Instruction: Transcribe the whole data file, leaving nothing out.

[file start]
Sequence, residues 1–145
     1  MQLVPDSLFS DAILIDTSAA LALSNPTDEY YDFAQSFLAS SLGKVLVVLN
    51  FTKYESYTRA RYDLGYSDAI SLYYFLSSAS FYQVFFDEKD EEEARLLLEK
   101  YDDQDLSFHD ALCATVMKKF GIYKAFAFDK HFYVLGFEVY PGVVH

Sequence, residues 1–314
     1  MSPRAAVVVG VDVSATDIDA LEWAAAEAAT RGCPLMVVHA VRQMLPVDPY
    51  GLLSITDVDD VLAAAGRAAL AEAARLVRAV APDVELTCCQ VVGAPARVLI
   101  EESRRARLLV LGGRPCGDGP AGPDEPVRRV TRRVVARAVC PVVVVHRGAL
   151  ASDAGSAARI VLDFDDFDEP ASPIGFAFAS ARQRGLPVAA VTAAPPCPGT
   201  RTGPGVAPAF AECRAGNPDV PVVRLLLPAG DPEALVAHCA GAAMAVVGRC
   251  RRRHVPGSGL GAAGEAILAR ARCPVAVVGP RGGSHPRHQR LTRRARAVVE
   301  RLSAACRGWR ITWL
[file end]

Sequence, residues 1–145
     1  MQLVPDSLFS DAILIDTSAA LALSNPTDEY YDFAQSFLAS SLGKVLVVLN
    51  FTKYESYTRA RYDLGYSDAI SLYYFLSSAS FYQVFFDEKD EEEARLLLEK
   101  YDDQDLSFHD ALCATVMKKF GIYKAFAFDK HFYVLGFEVY PGVVH

Sequence, residues 1–314
     1  MSPRAAVVVG VDVSATDIDA LEWAAAEAAT RGCPLMVVHA VRQMLPVDPY
    51  GLLSITDVDD VLAAAGRAAL AEAARLVRAV APDVELTCCQ VVGAPARVLI
   101  EESRRARLLV LGGRPCGDGP AGPDEPVRRV TRRVVARAVC PVVVVHRGAL
   151  ASDAGSAARI VLDFDDFDEP ASPIGFAFAS ARQRGLPVAA VTAAPPCPGT
   201  RTGPGVAPAF AECRAGNPDV PVVRLLLPAG DPEALVAHCA GAAMAVVGRC
   251  RRRHVPGSGL GAAGEAILAR ARCPVAVVGP RGGSHPRHQR LTRRARAVVE
   301  RLSAACRGWR ITWL